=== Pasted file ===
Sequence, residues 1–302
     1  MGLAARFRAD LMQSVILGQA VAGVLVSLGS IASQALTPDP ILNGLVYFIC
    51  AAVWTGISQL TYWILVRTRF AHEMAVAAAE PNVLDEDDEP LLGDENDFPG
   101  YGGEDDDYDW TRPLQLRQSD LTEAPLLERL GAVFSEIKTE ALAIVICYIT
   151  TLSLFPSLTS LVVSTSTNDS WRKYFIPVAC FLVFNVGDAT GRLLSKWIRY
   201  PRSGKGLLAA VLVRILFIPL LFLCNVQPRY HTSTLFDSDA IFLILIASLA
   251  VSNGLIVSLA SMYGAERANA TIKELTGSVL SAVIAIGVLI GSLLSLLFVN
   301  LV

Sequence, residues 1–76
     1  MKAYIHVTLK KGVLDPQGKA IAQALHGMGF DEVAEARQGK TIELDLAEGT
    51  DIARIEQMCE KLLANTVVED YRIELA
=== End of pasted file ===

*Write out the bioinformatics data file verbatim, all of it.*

Sequence, residues 1–302
     1  MGLAARFRAD LMQSVILGQA VAGVLVSLGS IASQALTPDP ILNGLVYFIC
    51  AAVWTGISQL TYWILVRTRF AHEMAVAAAE PNVLDEDDEP LLGDENDFPG
   101  YGGEDDDYDW TRPLQLRQSD LTEAPLLERL GAVFSEIKTE ALAIVICYIT
   151  TLSLFPSLTS LVVSTSTNDS WRKYFIPVAC FLVFNVGDAT GRLLSKWIRY
   201  PRSGKGLLAA VLVRILFIPL LFLCNVQPRY HTSTLFDSDA IFLILIASLA
   251  VSNGLIVSLA SMYGAERANA TIKELTGSVL SAVIAIGVLI GSLLSLLFVN
   301  LV

Sequence, residues 1–76
     1  MKAYIHVTLK KGVLDPQGKA IAQALHGMGF DEVAEARQGK TIELDLAEGT
    51  DIARIEQMCE KLLANTVVED YRIELA